It’s not so grim up north
Recent conversations with fund managers from around the Nordic region reminded The Lens of some of the distinctive features of the asset management industry in Scandinavia.
With the closet tracking controversy of three years ago largely behind it and an improving economy the funds industry in the Nordics is looking increasingly attractive to outside investors.
Among other recent developments, Robert Heaney, head of Nordics at M&G Investments, points to recent legislative changes in Sweden impacting the country’s large so-called AP state pension funds.
Investment restrictions on the funds previously mandated by the Swedish parliament are currently in the process of being relaxed. This should, Heaney says, give more flexibility for AP funds to invest in private unlisted assets.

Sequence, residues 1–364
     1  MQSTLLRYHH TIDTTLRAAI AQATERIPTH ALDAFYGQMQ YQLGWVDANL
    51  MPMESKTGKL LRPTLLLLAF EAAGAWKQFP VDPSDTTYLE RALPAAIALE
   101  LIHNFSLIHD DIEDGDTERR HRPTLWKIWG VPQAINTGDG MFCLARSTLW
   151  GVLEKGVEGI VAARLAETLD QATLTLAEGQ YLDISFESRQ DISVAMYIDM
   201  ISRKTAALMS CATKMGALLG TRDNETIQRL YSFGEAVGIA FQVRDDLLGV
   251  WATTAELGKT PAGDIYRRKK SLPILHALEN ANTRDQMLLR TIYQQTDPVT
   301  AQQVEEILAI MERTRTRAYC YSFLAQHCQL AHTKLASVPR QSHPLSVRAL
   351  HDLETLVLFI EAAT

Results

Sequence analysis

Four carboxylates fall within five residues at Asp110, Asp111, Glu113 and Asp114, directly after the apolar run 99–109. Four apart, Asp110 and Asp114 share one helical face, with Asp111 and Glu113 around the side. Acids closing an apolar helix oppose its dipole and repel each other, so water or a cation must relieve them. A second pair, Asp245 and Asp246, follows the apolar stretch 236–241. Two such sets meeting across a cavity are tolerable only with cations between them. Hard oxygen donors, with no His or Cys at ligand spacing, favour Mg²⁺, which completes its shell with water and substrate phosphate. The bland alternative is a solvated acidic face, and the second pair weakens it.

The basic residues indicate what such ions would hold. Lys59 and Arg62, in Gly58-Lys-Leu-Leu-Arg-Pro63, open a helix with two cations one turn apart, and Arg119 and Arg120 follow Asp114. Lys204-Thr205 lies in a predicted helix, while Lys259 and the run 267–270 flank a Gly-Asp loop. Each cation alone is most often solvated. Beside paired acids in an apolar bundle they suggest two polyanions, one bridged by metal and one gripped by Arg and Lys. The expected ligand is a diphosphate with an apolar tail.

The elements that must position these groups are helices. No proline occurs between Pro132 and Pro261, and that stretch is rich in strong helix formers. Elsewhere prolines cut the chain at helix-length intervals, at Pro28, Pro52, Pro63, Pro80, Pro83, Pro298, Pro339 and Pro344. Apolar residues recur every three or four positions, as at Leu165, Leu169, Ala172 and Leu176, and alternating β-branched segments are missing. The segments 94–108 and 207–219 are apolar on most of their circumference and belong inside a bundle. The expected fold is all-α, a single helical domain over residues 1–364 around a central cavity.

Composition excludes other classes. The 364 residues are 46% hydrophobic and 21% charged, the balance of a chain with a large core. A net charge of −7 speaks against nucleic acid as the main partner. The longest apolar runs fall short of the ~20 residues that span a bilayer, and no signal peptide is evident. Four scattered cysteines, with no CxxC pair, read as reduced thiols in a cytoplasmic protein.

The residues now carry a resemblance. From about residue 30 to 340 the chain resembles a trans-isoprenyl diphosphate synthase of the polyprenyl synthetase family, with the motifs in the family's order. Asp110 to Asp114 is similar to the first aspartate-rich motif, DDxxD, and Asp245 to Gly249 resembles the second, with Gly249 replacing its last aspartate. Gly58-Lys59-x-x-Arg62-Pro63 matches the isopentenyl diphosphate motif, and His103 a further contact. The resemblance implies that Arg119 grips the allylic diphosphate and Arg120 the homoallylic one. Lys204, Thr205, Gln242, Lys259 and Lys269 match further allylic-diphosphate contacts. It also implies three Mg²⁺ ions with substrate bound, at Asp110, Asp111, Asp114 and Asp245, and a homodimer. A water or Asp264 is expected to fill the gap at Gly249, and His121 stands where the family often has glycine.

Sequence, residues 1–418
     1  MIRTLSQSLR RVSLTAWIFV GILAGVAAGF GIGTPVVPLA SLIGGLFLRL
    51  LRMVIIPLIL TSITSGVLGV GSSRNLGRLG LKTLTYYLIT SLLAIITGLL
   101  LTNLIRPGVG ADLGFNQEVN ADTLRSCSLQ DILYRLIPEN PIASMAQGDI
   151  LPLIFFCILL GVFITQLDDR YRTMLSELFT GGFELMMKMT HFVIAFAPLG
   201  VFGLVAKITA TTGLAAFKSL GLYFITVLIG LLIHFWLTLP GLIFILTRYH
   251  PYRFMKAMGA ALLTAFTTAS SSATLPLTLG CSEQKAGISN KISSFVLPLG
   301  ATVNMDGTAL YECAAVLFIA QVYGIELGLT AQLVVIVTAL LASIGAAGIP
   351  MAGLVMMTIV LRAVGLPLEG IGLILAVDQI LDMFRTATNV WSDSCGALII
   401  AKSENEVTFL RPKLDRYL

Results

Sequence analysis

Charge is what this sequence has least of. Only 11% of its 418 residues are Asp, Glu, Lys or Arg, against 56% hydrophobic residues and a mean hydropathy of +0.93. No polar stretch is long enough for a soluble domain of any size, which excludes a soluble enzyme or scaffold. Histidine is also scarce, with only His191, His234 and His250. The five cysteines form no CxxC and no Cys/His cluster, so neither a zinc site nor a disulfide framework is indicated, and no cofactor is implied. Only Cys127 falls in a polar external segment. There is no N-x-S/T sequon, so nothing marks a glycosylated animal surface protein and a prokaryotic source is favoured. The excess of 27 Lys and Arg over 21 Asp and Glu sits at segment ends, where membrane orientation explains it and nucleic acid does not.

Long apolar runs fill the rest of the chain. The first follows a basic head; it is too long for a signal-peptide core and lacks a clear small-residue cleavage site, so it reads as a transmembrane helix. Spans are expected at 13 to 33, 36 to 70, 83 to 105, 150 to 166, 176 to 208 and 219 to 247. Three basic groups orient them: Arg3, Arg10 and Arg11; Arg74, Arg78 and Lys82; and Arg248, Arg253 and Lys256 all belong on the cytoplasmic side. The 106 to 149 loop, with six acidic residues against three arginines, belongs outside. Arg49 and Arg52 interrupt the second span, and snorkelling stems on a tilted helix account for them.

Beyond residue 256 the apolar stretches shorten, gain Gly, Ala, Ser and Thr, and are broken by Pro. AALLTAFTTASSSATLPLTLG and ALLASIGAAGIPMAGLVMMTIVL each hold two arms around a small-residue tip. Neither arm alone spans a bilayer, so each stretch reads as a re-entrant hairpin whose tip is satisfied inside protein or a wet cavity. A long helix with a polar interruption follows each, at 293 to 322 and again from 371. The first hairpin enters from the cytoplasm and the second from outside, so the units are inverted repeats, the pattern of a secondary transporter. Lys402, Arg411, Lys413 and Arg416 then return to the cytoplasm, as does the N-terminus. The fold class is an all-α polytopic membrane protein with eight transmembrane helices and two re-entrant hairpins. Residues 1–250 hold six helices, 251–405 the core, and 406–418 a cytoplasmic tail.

Another positive development mentioned to The Lens by a number of big players in the region was the relaxation last year of Icelandic capital controls.
The controls were introduced by Iceland following the global economic crash as a means of stabilising the country’s economy and were in force for almost a decade before last year’s relaxation.
There are already signs of a wave of investment by Icelandic investors into foreign assets while foreign investment managers are increasingly eyeing up investment opportunities in Iceland.
The Nordics region has always been ahead of the curve when it comes to environmental, social and governance (ESG) investing but things have accelerated further in recent years.
Whereas ESG was once seen in the region as a ‘nice thing to have’, it has now, according to Heaney, become
“a licence to operate rather than a marketing tool”.